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D&D 3E
Simple Question 
24th-Mar-2006 04:51 pm
ninjadefault
I only ask because I can't seem to find it anywhere:

-How much weight can a standard backpack hold? It would stand to reason that you can't stuff everything in there, and if you tried, it would break after a certain limit.

Ty in advance.
Comments 
24th-Mar-2006 09:59 pm (UTC)
I think they kind of left it up to common sense instead of calling out specifics, especially since there are so many different things you can fit in there that take up lots of room without lots of weight, etc.
24th-Mar-2006 10:12 pm (UTC)
Yeah, but it would be nice not to have to arbitrate it, you know?
24th-Mar-2006 11:38 pm (UTC)
I'm pretty sure 2nd Edition had specifics on volume and how much backpacks, sacks, and pouches could hold.
24th-Mar-2006 10:25 pm (UTC)
I'd say a medium sized critter could get a pack that would manage ~100lbs. Maybe even a bit more, but it wouldn't work over armor. Thats just my opinion though. Depending on what they want to carry, bulk might be more important than weight however.
24th-Mar-2006 10:29 pm (UTC)
A lot of it probably depends on timescale. I had a cheap backpack that I used for evening classes, and it broke (the straps unattached from the bag) after half a semester carrying around my calculus textbook. On the other hand, I've filled an ordianry backpack with textbooks and got it from my apartment to my office (about a five minute walk, then a ten minute bus ride). It's not going to be a '19.9 lbs. can be carried indefinitly, but 20 lbs. will break the bag'.

My guess would be that unless your party is carting around lead bricks, anything that would break a backpack in under a year would not fit in the bag in the first place.

If you want a more exact answer, I seem to remember that one of the magazines I read as a kid (Zillions -- it was billed as Consumer Reports for kids) did an article or two on testing the wear of kids' backpacks. It would not be inconcieveable that an outdoors site might do the same for camping/backpacking equipment (which would probably be a bit more like the packs a D&D party would use than a backpack for textbooks and paper).
24th-Mar-2006 11:25 pm (UTC)
I've gone up to 35lbs with my mountaineering backpack (I'm still getting in shape). The max is about 60lbs after which the climber has difficulty carrying any more. At this point, one technique is to pull sleds behind each climber with more gear.

I also think that soldiers carry even more gear, so properly made backpacks should be able to go to well past 60lbs of gear. Generally the limit is what the person has endurance for and not the backpack.
25th-Mar-2006 08:45 am (UTC)
In extreeme situations a soldier may have to carry more than 60 lbs, but typically the backpack is much lighter than that.
27th-Mar-2006 08:02 pm (UTC)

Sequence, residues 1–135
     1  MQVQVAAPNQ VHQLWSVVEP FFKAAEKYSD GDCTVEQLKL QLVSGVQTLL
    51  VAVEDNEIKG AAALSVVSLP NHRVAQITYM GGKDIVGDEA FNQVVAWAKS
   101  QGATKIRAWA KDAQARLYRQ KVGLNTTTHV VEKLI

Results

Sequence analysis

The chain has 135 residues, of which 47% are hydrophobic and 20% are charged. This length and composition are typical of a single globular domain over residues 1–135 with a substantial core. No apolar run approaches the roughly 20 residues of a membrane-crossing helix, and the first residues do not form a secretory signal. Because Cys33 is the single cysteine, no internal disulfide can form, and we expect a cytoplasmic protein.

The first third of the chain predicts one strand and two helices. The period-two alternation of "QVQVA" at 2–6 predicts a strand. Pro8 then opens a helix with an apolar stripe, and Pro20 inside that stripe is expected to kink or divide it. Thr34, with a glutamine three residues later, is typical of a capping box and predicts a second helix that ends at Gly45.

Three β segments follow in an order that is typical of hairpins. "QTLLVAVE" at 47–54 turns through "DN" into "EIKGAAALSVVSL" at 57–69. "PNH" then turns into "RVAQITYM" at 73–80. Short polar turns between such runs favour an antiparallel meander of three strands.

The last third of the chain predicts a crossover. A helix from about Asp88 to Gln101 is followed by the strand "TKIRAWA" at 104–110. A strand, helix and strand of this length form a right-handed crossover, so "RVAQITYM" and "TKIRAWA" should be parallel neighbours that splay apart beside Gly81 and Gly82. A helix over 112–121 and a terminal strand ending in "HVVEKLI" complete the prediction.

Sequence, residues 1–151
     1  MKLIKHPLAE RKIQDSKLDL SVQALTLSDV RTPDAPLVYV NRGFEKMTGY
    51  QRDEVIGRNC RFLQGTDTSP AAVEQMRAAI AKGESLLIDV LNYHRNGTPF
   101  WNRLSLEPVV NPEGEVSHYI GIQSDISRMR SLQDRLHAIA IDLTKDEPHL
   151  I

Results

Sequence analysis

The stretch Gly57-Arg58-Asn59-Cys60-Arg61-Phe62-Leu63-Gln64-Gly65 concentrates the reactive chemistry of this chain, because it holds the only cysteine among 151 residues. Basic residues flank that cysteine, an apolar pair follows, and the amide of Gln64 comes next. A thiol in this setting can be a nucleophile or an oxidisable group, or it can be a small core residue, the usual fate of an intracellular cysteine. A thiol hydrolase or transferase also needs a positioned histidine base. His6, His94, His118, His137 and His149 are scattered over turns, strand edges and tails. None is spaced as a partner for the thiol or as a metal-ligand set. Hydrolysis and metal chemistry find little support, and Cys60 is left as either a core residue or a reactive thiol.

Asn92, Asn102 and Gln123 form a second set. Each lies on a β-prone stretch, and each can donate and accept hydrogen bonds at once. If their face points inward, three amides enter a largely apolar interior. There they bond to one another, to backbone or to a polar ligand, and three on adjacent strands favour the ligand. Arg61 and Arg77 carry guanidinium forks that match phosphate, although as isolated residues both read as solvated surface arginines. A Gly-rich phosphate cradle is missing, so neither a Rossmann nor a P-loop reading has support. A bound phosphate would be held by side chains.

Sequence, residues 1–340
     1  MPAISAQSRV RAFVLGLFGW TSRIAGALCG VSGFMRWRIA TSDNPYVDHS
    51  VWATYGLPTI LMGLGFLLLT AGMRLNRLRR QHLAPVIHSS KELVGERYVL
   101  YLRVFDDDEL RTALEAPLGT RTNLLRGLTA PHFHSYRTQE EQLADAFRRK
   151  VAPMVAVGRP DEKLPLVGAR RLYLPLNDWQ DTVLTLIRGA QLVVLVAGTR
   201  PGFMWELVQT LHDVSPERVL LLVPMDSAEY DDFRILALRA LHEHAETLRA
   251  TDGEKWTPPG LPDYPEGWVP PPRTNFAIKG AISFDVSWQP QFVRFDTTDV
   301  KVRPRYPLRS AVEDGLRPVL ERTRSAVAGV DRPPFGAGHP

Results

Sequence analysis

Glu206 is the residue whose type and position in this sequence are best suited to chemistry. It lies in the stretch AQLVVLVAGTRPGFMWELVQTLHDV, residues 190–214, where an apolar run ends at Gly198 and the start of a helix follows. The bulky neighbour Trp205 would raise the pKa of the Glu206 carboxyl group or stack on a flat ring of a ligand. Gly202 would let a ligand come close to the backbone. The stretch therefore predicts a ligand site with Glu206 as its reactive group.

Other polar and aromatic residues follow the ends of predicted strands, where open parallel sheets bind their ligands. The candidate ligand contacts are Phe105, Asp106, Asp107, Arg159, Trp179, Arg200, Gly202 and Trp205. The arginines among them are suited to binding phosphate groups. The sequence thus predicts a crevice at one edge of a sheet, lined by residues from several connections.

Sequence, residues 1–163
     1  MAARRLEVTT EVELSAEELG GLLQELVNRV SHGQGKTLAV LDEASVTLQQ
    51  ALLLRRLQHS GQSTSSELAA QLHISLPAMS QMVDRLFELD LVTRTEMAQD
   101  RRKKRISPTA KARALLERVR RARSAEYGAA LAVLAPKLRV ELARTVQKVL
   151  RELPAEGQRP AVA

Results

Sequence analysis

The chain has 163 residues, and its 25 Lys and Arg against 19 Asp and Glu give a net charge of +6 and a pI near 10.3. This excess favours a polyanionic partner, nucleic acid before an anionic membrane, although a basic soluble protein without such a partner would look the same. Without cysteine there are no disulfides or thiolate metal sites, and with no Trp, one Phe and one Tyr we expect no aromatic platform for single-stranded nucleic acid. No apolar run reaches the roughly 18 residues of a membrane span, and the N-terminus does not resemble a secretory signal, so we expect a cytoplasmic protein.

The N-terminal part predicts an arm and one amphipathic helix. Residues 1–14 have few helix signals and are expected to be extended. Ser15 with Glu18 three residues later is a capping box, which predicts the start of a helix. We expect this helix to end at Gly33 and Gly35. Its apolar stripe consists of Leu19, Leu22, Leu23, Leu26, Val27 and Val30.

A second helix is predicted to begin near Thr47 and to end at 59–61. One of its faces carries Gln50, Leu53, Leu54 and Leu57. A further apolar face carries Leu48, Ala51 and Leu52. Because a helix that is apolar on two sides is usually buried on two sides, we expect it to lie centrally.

You are probably right. I was working from vague recollections of the complaints from some soldiers I know. :)

To the original question, I think the answer remains that (modern) backpacks will carry as much as the person can carry.
24th-Mar-2006 11:48 pm (UTC)
I usually just draw a picture of everything I want to stuff into the backpack and see if I honestly think it would fit. With a couple of belt-pouch-sized side pockets, it's usually fine.

Handy Haversacks are still the win, though.
25th-Mar-2006 01:03 am (UTC)
According to Wizard's "Converting to Metric" article (I don't have the link on me), backpacks can carry 60lbs. This is the same as a sack, and I personally think of backpacks as smaller than sacks, so I say (or houserule or whatever) 30lbs. My Jansport in high school could be stuffed with 30lbs of books, so that number makes sense to me. I think of a backpack as being that size, and a sack as being the size of a sports duffle (like what hockey or football players would carry their gear in). If you think of a backpack as more like a Hiking/camping backpack (with a frame and all), then 60lbs is probably reasonable.

The one think D&D doesn't consider is encumbrance. So technically you could put a couple greatswords in a backpack without going over the weight limit, because it doesn't consider bulk or dimensions. But that's just my complaint, and I see how considering such dimensions would make the game more of a logistic nightmare :p
25th-Mar-2006 01:53 am (UTC)
I generally just presume that they can be made to carry the load the creature that bought them can carry.

But if you want to get into details, why not make a sliding scale?
Listed price gets you...say, 60lbs and slide it about depending on what you think is fair.
25th-Mar-2006 02:36 pm (UTC)
Also, a masterwork backpack should be able to carry more. This is where things like frames, padded straps and hip belts come into play.
26th-Mar-2006 11:53 pm (UTC)
True.
Although, I'd think about doing things that way if I wasn't using a sliding scale.
I'd consider reducing the penalties for a medium load for a masterwork backpack if I was using one.
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